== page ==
Case Report

Drug-Associated Thrombocytopenia as a Rare and Devastating Side Effect of Octreotide in a Cirrhotic Patients: A Case Report and Current Literature Review


  • Sabri Engin Altintop
  • Alper Tuna Guven
  • Onur Keskin

Received Date: 05.12.2020 Accepted Date: 08.02.2021 Med Bull Haseki 2021;59(3):265-267

Variceal bleeding is one of the most serious outcomes encountered in portal hypertension. It represents one of the leading causes of death in cirrhotic patients. Octreotide infusion is the mainstay of treatment in variceal bleeding. It shows its effects by lowering portal venous pressure. Here, we present a patient with variceal bleeding who experienced sudden thrombocytopenia after octreotide infusion. Cessation of the octreotide therapy has resulted in a quick recovery of the platelet counts. Naranjo adverse drug reaction probability scale has revealed a probable relationship with 6 points. The case is reported in discussion with the existing 4 cases in the literature.

Keywords: Octreotide, thrombocytopenia, esophageal varices, liver cirrhosis


Variceal bleeding is one of the most detrimental complications of portal hypertension. Variceal bleeding is associated with a 30-day mortality rate reaching 20 percent (1). Treatment consists of supportive management (i.e. saline, blood products), proton pump inhibitors and somatostatin analogs, namely octreotide. Somatostatin and octreotide help achieve hemostasis and prevent re-bleeding but neither have clearly shown benefit on mortality (2,3). Somatostatin and octreotide are generally well tolerated with minimal side effects. Although they have several common side effects, namely gallbladder stone and hyperglycemia, thrombocytopenia is not frequently encountered with only a few case reports in the literature.

Case Reports

A 76-year-old male patient with prior medical history of cirrhosis due to hepatitis C virus infection, familial Mediterranean fever, chronic obstructive pulmonary disease, hypertension and prostate adenocarcinoma was admitted to our hospital with recent onset melena. He had child-pugh class B cirrhosis with prior episode of variceal bleeding. Initial vital signs on admission were blood pressure of 100/60 mmHg, heart rate of 125 bpm, respiratory rate of 20 breaths/minute and oxygen saturation of 97 percent on ambient air. His physical examination was non-revealing apart from mild ascites. Laboratory findings on admission were hemoglobin level of 4.5 g/dL, platelet level of 156x103/µL, and INR of 1.5. He received 1.5 liter of saline, 3 units of packed red blood cells, IV pantoprazole 80 mg bolus followed by 8 mg per hour and IV octreotide 50 µg bolus IV injection followed by continuous infusion at a rate of 50 µg per hour. Upper gastrointestinal endoscopy revealed non-bleeding esophageal varices and they were treated with band ligation with no  treatment-related complication. Shortly after the initiation of octreotide treatment, platelet counts showed a fall trend with level of 108x103/µL on the first day, 84x103/µL on the second day and finally 63x103/µL on the third day (Figure 1). The patient was consulted to the hematology department with laboratory tests, including a peripheral blood smear and coagulation panel which did not reveal any abnormalities. There were no possible medicines likely to contribute to new onset thrombocytopenia. Octreotide was discontinued on the third day with possible diagnosis of drug-induced thrombocytopenia. Following cessation of the drug, platelet counts dramatically improved, reaching 84x103/µL on the first day of the withdrawal, 109x103/µL on the second day and finally 146x103/µL on the third day. Written consent was obtained prior to discharge in order to write this study.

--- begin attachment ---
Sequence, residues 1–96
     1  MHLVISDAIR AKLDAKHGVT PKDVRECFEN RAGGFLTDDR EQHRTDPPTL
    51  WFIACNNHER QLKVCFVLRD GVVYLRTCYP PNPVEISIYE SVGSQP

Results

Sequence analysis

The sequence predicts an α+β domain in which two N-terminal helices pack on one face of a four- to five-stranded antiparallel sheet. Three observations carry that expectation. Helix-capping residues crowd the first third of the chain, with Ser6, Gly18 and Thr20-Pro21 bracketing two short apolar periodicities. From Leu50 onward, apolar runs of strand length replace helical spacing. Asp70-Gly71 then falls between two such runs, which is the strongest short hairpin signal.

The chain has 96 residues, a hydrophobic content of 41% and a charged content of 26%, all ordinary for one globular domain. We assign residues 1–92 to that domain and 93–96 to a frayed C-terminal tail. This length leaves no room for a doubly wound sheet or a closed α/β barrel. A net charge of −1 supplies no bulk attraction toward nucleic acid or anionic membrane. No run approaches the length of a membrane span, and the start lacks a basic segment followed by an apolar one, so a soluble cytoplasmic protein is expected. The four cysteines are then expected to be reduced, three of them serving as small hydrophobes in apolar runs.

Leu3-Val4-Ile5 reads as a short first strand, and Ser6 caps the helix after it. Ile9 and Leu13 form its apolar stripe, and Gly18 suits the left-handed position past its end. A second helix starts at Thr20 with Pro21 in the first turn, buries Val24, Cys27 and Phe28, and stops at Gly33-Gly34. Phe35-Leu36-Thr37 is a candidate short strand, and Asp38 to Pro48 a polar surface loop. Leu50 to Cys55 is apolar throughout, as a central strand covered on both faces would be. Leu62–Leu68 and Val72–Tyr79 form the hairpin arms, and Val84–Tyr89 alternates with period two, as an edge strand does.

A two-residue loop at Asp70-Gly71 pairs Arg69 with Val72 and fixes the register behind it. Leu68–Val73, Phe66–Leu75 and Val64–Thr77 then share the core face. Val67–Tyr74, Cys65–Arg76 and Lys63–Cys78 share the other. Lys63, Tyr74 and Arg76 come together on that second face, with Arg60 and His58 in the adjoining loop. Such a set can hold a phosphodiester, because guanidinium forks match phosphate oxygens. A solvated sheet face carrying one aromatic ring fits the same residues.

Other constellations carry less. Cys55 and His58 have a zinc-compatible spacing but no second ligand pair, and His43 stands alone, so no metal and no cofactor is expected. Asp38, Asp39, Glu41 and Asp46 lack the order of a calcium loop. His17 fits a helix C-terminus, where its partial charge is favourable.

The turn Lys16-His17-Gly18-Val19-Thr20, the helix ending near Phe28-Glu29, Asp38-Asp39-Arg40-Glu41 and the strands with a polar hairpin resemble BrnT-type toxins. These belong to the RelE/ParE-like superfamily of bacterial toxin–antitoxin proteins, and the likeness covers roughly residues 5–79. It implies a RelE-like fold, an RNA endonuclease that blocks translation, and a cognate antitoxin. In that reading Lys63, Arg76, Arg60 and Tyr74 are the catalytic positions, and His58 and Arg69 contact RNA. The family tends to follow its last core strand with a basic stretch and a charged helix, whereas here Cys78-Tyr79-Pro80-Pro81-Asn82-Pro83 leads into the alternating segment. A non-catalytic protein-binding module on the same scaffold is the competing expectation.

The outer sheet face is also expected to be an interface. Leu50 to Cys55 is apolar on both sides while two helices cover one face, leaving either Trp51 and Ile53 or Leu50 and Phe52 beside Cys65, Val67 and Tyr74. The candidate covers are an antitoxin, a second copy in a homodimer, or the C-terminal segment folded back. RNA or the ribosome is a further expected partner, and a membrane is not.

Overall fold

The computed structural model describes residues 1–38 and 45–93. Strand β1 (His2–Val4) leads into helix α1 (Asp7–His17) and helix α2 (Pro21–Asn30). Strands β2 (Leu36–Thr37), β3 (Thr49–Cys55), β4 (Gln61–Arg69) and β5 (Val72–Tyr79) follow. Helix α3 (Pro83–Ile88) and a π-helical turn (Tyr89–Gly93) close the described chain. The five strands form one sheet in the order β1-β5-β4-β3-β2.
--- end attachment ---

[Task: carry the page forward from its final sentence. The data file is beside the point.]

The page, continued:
Thrombocytopenia related to octreotide infusion is an extremely rare and presumably overlooked adverse effect. Several case reports have been published with different characteristics were shown in Table 1 (4-7). While these studies show differences in time to nadir and recovery time of thrombocytes, they all report abrupt drop of thrombocytes shortly after introduction of octreotide and prompt initiation of recovery with the removal of octreotide, both consistent with our case. The mechanism of thrombocytopenia due to octreotide is mainly immunologic (8). Drug-induced thrombocytopenia refers to accelerated platelet wasting by antibodies that bind to glycoproteins on platelet cell membranes (9). Taking into consideration the fact that cirrhotic patients usually tend to become thrombocytopenic, any further insult leading to bleeding diathesis may lead to deleterious consequences. Naranjo adverse drug reaction probability score is a tool to assess whether a reaction is linked to the exposed  drug (10). Scores are reported as ≤0 (i.e. doubtful), 1-4 (i.e. possible), 5-8 (i.e. probable) and ≥9 (i.e. definite). We calculated the score as 6, which reveals a probable link between octreotide and thrombocytopenia Appendix 1. Physicians must keep in mind that fall of thrombocyte levels shortly after octreotide infusion may be due to drug-induced thrombocytopenia and may require prompt withdrawal of drug.

Authorship Contributions

Concept: S.E.A., A.T.G., Design: S.E.A., A.T.G., O.K., Data Collection or Processing: S.E.A., A.T.G., Analysis or Interpretation: S.E.A., A.T.G., O.K., Literature Search: S.E.A., A.T.G., Writing: S.E.A., A.T.G., O.K.

Conflict of Interest: No conflict of interest was declared by the authors.

Financial Disclosure: The authors declared that this study received no financial support.


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